Monday, January 25, 2021

The Serial Failures of Dr. Fauci

Among the greatest non-scientific mysteries of the current pandemic is the current reputation of Dr. Anthony Fauci. Considered by many to be nearly godlike, considered by others to be a buffoon, the good doctor, head of the National Institute of Allergies and Infectious Diseases has emerged as something of a hero. For reasons that no one understands the hundreds of thousands of coronavirus deaths seem not to have tarnished the Fauci aura. Nor have they tarnished the Andrew Cuomo aura.

And yet, Fauci has often been wrong. Surely, he deserves some discredit for his mistakes, mistakes that cost lives.

Miranda Devine explains that in January of last year Fauci vigorously opposed the Trump administration travel ban on China. Like Joe Biden, a man who Fauci loves almost as much as he loves Hillary Cllinton, Fauci thought that it was xenophobic. No one knows what this has to do with science.

Take, for instance, Fauci’s serenity back on Jan. 21 last year, when he assured us that the virus convulsing China at the time “is not something the citizens of the United States should be worried about.”

To be fair, the pandemic caught a lot of people unaware, but the thing about Fauci is that he always is so sure of himself.

The following week, he was at it again, vehemently opposing Donald Trump’s proposed flight ban from China, which Biden at the time decried as “xenophobia.”

In a more extensive analysis of the Fauci role, Sam Adler Bell, writing for a progressive publication, The Drift Magazine, makes the case against Fauci. 

He opens thusly:

But a comforting bedside manner has done little to mitigate catastrophe. Over 400,000 Americans are dead, twice as many as any other country. Infections, hospitalizations, and deaths are currently at record highs. And although we have a vaccine, the rollout has already been stymied by a dearth of resources and coordination. As one public health expert told The New York Times on January 17, our pandemic response has been “a colossal failure at every level of government.” And herein lies a paradox. America is suffering from a disease outbreak whose morbid scope is the consequence of world-historic negligence. We are desperately and needlessly sick. And yet, the man known as “America’s Doctor,” the undisputed personification of public health research and pandemic preparedness, faces no reputational consequences. On the contrary, Dr. Fauci remains one of our most beloved public figures.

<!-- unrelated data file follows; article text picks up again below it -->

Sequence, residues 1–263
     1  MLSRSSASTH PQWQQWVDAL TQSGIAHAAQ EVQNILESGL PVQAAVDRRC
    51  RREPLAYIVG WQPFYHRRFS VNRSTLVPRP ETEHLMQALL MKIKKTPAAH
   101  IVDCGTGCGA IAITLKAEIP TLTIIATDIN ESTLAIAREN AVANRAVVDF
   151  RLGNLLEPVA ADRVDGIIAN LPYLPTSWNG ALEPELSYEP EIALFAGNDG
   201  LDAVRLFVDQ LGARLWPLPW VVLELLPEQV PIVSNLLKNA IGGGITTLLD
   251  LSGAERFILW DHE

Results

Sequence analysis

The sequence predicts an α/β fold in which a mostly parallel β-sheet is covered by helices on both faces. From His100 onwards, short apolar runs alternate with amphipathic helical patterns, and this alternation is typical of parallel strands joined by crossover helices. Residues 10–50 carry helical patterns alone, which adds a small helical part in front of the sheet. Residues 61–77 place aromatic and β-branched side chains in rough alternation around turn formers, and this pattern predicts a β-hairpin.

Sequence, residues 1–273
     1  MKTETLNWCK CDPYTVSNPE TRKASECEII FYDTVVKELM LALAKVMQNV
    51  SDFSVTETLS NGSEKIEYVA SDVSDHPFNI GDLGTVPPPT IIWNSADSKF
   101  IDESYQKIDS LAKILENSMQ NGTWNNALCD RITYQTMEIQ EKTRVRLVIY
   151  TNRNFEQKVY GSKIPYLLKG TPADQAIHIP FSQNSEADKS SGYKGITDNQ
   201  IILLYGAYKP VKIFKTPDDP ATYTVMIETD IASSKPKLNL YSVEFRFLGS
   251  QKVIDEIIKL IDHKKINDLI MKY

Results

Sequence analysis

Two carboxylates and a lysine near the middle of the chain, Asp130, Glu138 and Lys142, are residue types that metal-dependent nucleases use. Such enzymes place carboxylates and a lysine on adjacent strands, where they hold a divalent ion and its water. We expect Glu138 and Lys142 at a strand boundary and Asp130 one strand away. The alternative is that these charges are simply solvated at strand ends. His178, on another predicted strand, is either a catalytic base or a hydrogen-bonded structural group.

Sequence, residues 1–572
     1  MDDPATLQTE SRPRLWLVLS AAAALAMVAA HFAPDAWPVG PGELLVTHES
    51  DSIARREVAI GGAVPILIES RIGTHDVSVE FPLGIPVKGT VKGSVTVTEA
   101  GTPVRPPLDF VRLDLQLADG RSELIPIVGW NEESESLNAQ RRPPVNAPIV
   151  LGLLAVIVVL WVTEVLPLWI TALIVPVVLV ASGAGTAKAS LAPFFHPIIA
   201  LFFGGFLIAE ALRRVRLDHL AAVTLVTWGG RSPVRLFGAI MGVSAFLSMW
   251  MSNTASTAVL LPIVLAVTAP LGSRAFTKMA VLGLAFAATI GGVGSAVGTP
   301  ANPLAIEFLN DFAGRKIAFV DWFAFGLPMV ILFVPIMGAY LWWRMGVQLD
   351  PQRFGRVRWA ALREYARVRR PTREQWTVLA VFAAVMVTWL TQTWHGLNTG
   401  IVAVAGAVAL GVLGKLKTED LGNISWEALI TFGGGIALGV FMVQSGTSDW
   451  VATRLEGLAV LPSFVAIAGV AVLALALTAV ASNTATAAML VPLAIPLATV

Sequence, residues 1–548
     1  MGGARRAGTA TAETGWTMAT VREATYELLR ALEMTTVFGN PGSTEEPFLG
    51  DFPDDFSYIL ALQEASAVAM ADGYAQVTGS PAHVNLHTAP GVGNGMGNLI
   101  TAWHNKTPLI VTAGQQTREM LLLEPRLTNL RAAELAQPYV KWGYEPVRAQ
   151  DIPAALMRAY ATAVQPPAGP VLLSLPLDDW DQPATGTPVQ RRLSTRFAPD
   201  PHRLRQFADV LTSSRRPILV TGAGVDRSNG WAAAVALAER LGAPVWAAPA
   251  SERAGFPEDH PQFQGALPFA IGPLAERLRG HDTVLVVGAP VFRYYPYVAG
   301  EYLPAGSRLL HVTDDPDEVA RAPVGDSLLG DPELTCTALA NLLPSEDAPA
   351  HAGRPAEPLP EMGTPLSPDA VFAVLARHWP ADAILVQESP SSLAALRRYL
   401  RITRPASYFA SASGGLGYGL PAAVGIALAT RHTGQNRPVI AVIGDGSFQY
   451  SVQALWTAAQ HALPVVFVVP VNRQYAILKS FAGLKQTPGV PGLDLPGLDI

One suspects that the important point was not idolizing Dr. Fauci, but demonizing President Trump. One can be clear that the Trump administration bears some considerable responsibility for mishandling the situation, but clearly, the media, in its infinite bias, made it all Trump’s fault. And it invented a narrative whereby another president, one who would have listened to Fauci, would have done better.

Adler Bell presents the argument:

To put an even finer point on it, the precise conditions that would maximally exonerate Fauci — i.e., Trump is solely at fault; Fauci had no influence — are conditions under which Fauci absolutely should have bolted. The more aberrant Trump’s behavior, the more he diverged from the medically prudent course of action, the greater Fauci’s responsibility to leave and blow the whistle. If Fauci knew better but didn’t say, what use was he inside the room? If he didn’t know better, then he shares the blame. 

Cogent analysis, to say the least:

Meanwhile, liberal pundits like Ezra Klein have praised Biden’s “maddeningly obvious” Covid plans, describing their simplicity as a “damning indictment” of Trump’s negligence. But if Biden’s life-saving interventions are so straightforward and crucial, why weren’t Fauci and Birx loudly demanding them months ago? 

Obviously, the point was to demonize Trump. Now, the media is hard at work building up Biden, so that he will gain the credit when we conquer the virus.

Adler Bell continues that Fauci was often wrong. Obviously, he never admitted that he was wrong. In that he could thank the media for covering for him.

Still, for Fauci, the public record is not uniformly flattering. For the first few months of 2020, Fauci appeared to toe the administration’s line that the emerging disease was not a major threat. On January 26, just days after China locked down the eleven million residents of Wuhan and started building a new 1000-bed hospital, Fauci said, “The American people should not be worried… It’s a very, very low risk to the United States.” (He added, “It’s something we, as public health officials, need to take very seriously.”) A month later, on February 29, when many scientists believed thousands of undetected cases were present in the US — testing was still non-existent — Fauci said, “the risk is still low… there’s no need to change anything that you’re doing on a day-by-day basis.” And on March 9, after superspreader events on four cruise ships had been reported, Fauci told Fox’s John Roberts, “If you are a healthy young person, there is no reason if you want to go on a cruise ship, [not to] go on a cruise ship.” 

Of course, the nation’s scientists were not paying any attention to what Trump was saying. They were following the science, and Dr. Fauci.

If Fauci had embraced more dire predictions in early 2020, many other prominent scientists would’ve followed suit. It’s impossible to say how much difference Fauci’s warnings would’ve made. But those countries that took the outbreak seriously, early — imposing lockdowns, travel bans, and mask mandates right away — are those that have weathered it best.